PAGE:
He said, “You represent the family, and the family is foundational to the stability and well-being of our culture.” And also, I do represent small business and agriculture, and that is foundational to the well-being of our economy. So I did get over my insecurity about not being a lawyer or a politician. I’m thrilled to be here. I’m glad that I’m part of a diverse group of freshmen that are here to fight for the things that have made our country great: faith, family, freedom, rule of law, the Constitution.
Mr. Jekielek: So, you were one of the congressional members that was objecting in the House.
Rep. Miller: Yes.
Mr. Jekielek: Why?
Rep. Miller: Well, because the Constitution has defined how our country is going to run. It gives boundaries to people that are in power and officials. And I really appreciate the wisdom of our Founding Fathers to separate powers and to give boundaries to the people that are in power because we know that absolute power corrupts, and our Constitution is very clear that they gave the authority and power to the legislative branches of the states, to how the times, places, and manner as to how the elections will be handled.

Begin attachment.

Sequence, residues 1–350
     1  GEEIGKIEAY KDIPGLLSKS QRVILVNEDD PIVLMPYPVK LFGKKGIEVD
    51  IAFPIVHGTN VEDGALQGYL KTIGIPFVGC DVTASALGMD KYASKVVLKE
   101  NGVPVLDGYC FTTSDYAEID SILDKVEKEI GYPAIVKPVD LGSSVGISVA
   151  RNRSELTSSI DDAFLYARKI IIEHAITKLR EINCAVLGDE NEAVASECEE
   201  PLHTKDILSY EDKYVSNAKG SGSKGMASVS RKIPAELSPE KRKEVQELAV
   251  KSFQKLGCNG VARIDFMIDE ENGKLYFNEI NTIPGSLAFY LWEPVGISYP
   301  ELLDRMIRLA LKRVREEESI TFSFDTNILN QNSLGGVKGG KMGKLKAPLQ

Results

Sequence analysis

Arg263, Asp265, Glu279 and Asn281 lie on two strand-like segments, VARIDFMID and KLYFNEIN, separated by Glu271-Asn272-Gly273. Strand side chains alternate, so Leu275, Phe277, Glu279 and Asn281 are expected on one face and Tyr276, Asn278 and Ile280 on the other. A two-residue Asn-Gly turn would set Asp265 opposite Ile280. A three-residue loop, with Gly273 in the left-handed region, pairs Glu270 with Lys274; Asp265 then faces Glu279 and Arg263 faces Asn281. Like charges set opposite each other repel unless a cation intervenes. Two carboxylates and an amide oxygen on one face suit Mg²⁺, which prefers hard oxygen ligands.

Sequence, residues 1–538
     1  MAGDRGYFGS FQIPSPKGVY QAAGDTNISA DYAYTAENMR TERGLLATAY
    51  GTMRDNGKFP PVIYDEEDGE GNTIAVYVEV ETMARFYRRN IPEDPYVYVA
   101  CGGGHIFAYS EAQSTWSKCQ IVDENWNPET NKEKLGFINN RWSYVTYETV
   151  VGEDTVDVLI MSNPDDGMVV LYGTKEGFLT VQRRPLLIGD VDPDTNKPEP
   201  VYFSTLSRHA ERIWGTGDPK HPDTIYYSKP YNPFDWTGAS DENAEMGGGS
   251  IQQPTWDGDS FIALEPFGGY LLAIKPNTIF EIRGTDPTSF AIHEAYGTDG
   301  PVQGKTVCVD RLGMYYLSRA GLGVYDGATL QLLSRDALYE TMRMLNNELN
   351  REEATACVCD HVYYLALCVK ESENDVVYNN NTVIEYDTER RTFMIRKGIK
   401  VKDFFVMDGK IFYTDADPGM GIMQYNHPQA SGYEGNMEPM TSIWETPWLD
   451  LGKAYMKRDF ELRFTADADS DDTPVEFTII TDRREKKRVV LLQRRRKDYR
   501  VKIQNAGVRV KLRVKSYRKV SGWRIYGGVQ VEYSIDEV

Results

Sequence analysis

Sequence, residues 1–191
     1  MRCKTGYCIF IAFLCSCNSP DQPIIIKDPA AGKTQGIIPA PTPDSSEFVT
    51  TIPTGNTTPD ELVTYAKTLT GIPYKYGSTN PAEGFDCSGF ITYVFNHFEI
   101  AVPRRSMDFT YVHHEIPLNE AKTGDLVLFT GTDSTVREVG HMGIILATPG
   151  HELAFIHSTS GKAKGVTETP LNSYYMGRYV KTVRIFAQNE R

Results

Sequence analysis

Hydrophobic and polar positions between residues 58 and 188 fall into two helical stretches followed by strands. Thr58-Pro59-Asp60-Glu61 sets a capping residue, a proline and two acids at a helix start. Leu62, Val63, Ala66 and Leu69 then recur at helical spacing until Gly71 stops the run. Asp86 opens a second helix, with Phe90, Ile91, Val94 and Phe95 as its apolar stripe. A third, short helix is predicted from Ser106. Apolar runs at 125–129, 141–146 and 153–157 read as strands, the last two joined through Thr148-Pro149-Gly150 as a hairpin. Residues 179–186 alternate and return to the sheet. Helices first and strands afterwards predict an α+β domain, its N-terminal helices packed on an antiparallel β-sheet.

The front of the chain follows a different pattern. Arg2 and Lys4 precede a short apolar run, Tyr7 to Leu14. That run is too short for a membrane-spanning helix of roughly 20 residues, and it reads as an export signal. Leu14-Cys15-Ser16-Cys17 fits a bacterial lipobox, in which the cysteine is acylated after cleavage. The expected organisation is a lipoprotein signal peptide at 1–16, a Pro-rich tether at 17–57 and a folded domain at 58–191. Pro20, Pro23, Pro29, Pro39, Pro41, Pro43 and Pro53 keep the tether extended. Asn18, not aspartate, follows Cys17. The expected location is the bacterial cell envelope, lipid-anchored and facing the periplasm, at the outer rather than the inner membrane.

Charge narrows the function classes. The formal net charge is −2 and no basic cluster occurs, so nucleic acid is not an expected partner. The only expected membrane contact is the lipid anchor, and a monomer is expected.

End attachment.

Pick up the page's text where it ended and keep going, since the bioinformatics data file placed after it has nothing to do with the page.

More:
Clearly in all—and it is interesting that it was all—it was pretty much in the key battleground states that they conducted their elections in an unconstitutional manner. So because I care, I know that election integrity is foundational to the well-being and stability of our country. If people lose confidence in our election process, we’ll become a banana republic. And so that’s why I joined patriots across the country in objecting to the electoral college votes from these key states.
Mr. Jekielek: This is, of course, all before all the events of yesterday.
Rep. Miller: Yes.
Mr. Jekielek: Were you expecting this would make a [difference]? What difference could it make? I talked to a number of members who were doing it, they told me, on principle, but they didn’t really think that they could make any difference.